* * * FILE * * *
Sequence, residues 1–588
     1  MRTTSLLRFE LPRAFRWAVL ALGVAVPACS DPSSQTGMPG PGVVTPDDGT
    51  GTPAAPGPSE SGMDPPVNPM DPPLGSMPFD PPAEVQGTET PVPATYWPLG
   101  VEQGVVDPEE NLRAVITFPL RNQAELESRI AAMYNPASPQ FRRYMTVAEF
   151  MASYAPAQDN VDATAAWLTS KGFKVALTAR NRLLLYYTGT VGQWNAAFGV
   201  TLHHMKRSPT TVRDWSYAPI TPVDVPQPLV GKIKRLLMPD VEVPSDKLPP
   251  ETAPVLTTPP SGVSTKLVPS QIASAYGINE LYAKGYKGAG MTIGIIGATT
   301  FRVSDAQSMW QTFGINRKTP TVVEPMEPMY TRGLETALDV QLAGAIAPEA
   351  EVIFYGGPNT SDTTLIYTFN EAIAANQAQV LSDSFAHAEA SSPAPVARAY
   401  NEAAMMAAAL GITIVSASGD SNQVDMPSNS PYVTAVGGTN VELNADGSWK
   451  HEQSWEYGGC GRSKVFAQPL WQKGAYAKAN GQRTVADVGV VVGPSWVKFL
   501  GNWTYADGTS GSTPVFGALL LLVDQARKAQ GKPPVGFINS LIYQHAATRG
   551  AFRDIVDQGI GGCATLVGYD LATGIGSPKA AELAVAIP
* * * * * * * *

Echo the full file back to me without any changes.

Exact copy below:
Sequence, residues 1–588
     1  MRTTSLLRFE LPRAFRWAVL ALGVAVPACS DPSSQTGMPG PGVVTPDDGT
    51  GTPAAPGPSE SGMDPPVNPM DPPLGSMPFD PPAEVQGTET PVPATYWPLG
   101  VEQGVVDPEE NLRAVITFPL RNQAELESRI AAMYNPASPQ FRRYMTVAEF
   151  MASYAPAQDN VDATAAWLTS KGFKVALTAR NRLLLYYTGT VGQWNAAFGV
   201  TLHHMKRSPT TVRDWSYAPI TPVDVPQPLV GKIKRLLMPD VEVPSDKLPP
   251  ETAPVLTTPP SGVSTKLVPS QIASAYGINE LYAKGYKGAG MTIGIIGATT
   301  FRVSDAQSMW QTFGINRKTP TVVEPMEPMY TRGLETALDV QLAGAIAPEA
   351  EVIFYGGPNT SDTTLIYTFN EAIAANQAQV LSDSFAHAEA SSPAPVARAY
   401  NEAAMMAAAL GITIVSASGD SNQVDMPSNS PYVTAVGGTN VELNADGSWK
   451  HEQSWEYGGC GRSKVFAQPL WQKGAYAKAN GQRTVADVGV VVGPSWVKFL
   501  GNWTYADGTS GSTPVFGALL LLVDQARKAQ GKPPVGFINS LIYQHAATRG
   551  AFRDIVDQGI GGCATLVGYD LATGIGSPKA AELAVAIP